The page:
Proposed groundwater regulations will affect all residents
February 22, 2015
OPINION By LARRY and SUSAN MCGOURTY
If you live in a city in San Luis Obispo County or live in the rural county and grow fruits and vegetables for family and friends and think the permanent water offsets and groundwater basin regulation proposals coming before the Board of Supervisors is not your fight, think again. If implemented county-wide as proposed, it will limit your food choices and devastate agriculture as we know it in San Luis Obispo County.
Small family farms are not large water users or wasters. Through farmer markets, farm to table programs, and sales to local supermarkets, they are a vital resource to our county by growing safe, fresh, and high quality food for the residents of our urban communities. In a time of civil unrest overseas and labor disputes threatening the overseas food supply chain, the Board of Supervisors should be doing all it can to encourage more local food production.
The proposed water offset program does exactly the opposite.
If you want to discourage something, first step is to regulate it. The offset regulation freezes ag lands in farmable areas -i.e. the groundwater basins of our county, to what exists now. It will result in no more additional farmland being put into production. If a farmer wants to farm new land he or she must first purchase a water offset from an existing farmer who in turn will then have to fallow their productive land and take it out of production permanently. This is an insane policy, wasteful of a precious resource.
Because of the prohibition of putting additional ag land into production and a limited number of offsets available, competition will be fierce with an inevitable rise in offset costs.
The cost of purchasing an offset will be prohibitive to a small start-up produce farmer and hinder an established farmer who needs to rotate his crops to match seasonal and public demand. Only the large vineyards with deep pockets will able to purchase offsets, further increasing the large irrigated vineyard monoculture, the cause of most of our local water problems to begin with.
The Board of Supervisors claim they must do the offset program to be complaint with the Pavley-Dickenson Sustainable Groundwater Management Act (SGMA). Fine, we all agree that encouraging sustainable practices is a good thing and is in everyone’s best interest, but it can be done in a way compliant with SGMA and not devastate local agriculture. If you live in a city and use a farm to table program or shop at farmers markets, contact your supervisor and ask they reconsider this poorly thought out approach and take more time to study the proposal to insure it does not hurt both the small family farms who feed our county and the families they help feed.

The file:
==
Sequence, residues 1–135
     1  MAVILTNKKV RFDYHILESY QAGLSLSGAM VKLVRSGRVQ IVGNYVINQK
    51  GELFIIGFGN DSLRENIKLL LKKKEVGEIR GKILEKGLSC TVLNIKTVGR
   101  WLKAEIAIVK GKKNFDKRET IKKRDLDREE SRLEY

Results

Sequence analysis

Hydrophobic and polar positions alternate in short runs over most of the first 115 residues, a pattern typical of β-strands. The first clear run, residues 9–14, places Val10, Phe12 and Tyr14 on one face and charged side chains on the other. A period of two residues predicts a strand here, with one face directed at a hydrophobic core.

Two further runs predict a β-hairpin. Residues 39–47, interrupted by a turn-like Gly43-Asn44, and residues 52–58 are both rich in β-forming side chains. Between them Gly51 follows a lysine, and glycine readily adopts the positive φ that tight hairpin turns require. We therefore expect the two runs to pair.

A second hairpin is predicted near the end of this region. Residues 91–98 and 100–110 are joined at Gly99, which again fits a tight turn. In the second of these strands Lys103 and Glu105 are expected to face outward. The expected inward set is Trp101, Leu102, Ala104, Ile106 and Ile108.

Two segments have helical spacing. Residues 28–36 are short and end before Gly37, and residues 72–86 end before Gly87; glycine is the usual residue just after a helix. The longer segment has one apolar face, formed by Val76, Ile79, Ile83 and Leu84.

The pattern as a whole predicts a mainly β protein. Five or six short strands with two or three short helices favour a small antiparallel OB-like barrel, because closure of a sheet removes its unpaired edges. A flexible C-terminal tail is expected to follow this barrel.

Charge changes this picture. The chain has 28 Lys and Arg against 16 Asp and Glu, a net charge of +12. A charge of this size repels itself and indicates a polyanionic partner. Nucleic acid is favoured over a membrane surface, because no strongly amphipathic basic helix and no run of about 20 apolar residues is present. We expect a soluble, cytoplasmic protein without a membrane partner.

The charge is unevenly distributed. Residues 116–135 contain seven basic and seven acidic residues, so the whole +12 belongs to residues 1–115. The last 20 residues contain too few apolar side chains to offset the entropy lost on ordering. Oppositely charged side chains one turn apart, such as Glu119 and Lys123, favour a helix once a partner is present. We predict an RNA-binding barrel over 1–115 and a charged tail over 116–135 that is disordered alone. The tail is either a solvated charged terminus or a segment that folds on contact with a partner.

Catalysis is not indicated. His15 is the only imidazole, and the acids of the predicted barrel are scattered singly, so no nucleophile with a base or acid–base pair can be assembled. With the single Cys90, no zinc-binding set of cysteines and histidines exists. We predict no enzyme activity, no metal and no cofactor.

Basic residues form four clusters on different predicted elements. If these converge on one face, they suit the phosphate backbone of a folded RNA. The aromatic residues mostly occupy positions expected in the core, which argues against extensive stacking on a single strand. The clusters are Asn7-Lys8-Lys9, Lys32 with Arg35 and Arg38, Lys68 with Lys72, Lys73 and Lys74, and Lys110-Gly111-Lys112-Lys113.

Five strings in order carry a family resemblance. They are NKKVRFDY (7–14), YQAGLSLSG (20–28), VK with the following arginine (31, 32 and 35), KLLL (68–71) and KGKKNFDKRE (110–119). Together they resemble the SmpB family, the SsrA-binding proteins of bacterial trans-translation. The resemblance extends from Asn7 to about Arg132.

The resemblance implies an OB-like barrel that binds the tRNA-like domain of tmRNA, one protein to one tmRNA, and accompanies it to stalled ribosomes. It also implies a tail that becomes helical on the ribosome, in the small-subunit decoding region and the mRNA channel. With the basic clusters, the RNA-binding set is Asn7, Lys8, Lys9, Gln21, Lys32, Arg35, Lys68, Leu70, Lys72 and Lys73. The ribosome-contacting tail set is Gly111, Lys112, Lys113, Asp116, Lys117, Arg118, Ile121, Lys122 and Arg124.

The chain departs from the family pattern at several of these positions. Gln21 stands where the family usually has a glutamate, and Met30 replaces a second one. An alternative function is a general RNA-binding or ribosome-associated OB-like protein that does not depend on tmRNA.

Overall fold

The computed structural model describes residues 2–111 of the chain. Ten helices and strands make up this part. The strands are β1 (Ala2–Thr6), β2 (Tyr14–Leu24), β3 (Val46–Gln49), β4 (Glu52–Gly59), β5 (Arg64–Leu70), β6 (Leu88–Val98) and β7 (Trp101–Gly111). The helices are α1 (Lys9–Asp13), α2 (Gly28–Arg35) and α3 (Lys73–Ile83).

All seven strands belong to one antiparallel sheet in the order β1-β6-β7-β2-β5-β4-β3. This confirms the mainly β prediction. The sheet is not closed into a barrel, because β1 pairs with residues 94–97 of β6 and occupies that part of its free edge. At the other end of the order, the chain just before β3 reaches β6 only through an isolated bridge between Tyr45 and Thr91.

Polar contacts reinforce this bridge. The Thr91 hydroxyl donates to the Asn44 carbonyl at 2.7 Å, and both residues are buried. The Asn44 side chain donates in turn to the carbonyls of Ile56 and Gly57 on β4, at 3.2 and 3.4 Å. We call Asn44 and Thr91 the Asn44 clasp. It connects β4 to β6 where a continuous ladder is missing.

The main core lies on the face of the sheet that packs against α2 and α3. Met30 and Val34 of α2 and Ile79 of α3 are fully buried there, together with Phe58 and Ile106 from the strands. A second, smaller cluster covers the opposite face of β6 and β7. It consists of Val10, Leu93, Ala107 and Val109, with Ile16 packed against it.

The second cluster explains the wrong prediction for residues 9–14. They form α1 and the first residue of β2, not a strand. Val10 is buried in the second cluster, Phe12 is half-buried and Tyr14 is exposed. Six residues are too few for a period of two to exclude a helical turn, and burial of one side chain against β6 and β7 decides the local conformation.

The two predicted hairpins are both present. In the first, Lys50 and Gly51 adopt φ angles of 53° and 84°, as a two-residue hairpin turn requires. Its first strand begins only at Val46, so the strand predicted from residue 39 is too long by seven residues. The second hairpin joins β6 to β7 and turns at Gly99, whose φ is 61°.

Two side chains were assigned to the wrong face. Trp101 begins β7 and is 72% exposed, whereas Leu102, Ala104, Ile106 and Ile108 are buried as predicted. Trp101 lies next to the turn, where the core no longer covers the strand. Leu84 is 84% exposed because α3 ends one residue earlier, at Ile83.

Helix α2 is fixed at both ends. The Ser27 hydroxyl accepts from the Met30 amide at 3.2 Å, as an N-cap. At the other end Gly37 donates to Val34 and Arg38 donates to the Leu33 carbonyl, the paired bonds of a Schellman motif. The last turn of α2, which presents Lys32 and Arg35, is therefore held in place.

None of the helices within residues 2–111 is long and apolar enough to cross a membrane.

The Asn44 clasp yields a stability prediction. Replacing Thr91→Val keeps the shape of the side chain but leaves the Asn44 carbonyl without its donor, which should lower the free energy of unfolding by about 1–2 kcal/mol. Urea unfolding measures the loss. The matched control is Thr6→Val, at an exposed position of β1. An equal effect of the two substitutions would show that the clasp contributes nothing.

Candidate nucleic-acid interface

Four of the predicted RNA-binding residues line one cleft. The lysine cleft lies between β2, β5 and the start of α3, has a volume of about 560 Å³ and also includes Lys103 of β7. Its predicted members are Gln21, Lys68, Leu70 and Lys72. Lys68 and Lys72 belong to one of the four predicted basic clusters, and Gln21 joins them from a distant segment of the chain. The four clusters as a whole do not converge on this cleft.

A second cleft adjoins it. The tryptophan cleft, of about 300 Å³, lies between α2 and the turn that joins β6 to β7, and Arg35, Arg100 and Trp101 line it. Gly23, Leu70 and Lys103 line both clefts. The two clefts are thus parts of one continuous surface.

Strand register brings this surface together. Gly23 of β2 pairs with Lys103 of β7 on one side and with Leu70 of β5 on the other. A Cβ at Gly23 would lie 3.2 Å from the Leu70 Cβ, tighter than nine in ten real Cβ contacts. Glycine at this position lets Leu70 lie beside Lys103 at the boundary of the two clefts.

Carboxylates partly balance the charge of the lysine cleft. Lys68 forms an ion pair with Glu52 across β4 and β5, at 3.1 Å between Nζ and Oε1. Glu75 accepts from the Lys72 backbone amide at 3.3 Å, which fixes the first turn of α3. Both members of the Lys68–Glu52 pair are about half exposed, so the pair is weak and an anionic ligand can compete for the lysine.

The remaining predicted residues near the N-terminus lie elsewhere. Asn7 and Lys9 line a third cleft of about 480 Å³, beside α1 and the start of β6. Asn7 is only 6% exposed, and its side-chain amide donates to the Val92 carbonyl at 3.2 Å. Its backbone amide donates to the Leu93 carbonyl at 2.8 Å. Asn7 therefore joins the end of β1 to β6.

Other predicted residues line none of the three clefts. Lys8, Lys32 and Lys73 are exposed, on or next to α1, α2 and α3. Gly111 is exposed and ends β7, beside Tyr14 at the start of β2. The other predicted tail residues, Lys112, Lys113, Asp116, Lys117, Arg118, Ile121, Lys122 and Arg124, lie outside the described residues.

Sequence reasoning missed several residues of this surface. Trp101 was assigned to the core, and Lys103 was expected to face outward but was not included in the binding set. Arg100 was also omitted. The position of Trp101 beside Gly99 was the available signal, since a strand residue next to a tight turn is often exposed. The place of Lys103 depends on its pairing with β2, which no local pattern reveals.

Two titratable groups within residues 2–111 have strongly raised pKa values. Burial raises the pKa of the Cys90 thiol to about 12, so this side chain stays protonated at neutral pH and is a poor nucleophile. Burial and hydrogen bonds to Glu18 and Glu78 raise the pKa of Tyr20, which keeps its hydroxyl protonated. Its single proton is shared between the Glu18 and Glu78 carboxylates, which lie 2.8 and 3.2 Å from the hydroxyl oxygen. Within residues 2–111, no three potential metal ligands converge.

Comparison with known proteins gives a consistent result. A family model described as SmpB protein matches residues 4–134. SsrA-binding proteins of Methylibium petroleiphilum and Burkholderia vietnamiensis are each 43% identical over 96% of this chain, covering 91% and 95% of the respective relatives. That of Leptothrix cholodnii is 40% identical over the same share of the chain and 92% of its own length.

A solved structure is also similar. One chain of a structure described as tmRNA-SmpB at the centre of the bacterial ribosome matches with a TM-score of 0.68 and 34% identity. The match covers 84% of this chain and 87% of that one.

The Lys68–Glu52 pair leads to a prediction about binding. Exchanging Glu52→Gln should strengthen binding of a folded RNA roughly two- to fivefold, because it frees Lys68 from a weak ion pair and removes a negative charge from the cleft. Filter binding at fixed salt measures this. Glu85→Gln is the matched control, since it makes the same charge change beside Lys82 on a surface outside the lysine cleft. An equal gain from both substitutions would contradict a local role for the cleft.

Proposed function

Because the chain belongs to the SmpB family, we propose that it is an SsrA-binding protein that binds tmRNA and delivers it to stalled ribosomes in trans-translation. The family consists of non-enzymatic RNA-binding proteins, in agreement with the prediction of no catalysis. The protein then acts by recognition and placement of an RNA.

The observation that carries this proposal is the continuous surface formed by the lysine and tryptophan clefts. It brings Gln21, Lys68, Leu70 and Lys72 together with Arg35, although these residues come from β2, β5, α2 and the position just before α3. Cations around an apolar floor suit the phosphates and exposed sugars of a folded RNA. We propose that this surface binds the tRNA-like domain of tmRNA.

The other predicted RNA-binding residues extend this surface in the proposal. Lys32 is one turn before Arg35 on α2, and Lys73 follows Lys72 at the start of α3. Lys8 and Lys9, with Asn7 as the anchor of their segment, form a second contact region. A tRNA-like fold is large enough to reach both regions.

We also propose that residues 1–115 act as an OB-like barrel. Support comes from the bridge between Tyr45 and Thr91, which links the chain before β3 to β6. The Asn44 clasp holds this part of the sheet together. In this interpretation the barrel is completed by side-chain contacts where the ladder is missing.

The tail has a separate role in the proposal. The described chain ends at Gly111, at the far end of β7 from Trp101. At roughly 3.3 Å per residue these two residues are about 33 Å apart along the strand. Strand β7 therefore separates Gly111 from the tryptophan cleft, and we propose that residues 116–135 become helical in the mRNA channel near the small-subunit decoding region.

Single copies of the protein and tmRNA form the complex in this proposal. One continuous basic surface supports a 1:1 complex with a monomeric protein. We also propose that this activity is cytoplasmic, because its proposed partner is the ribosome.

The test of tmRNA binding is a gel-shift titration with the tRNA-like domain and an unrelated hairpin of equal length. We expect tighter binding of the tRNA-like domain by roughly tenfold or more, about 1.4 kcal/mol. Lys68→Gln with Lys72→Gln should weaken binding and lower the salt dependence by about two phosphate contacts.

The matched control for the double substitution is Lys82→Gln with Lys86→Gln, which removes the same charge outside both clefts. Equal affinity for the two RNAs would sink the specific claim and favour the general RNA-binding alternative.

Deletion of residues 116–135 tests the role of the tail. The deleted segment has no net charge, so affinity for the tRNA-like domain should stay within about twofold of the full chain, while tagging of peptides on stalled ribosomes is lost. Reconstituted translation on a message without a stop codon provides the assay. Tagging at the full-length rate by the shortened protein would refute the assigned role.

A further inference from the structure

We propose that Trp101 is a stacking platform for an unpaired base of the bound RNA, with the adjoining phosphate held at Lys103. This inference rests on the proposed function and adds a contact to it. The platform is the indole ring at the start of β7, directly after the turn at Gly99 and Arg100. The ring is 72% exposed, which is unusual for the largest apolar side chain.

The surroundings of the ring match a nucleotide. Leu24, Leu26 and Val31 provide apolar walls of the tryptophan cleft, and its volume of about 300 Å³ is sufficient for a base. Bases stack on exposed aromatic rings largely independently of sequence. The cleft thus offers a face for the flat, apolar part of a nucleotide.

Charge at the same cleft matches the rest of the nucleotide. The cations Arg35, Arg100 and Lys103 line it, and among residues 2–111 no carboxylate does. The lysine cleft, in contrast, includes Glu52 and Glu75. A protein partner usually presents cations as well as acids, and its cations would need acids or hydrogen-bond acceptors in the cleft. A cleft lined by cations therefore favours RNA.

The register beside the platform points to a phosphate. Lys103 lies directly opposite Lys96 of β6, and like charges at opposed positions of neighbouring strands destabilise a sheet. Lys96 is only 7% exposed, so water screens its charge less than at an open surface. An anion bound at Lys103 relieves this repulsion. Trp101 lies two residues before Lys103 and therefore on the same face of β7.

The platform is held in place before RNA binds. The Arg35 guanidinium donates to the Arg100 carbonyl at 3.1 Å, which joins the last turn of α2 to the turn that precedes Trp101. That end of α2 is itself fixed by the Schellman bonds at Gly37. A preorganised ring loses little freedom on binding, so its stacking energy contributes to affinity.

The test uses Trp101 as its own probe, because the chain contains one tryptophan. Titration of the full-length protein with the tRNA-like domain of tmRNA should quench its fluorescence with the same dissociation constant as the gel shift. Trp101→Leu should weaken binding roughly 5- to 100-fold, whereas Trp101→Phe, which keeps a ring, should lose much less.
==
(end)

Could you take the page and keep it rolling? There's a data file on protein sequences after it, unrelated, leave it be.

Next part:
Even rural residents of the county with non-commercial home gardens are not exempt from regulation. Under these proposals you will be paying the county a fee for the privilege of pumping water to grow your own food. Residential users who extract less than 3 percent of the total groundwater are not the cause of local groundwater problems and don’t need heavy handed regulation.
Contact your supervisor and ask that he or she adopts in any new local regulation, the Pavley Dickenson exclusion for di minimis users, that is water users who extract less than of two acre feet of water per year for domestic purposes (by way of contrast, a typical large irrigated commercial vineyard uses hundreds of acre feet of water per year). It’s already in the law and is fully compliant with SGMA.
Larry and Susan McGourty publish an online Central Coast food, wine and recipe website and are enthusiastic supporters of home grown produce, our local farmers markets and the farmers who run them.
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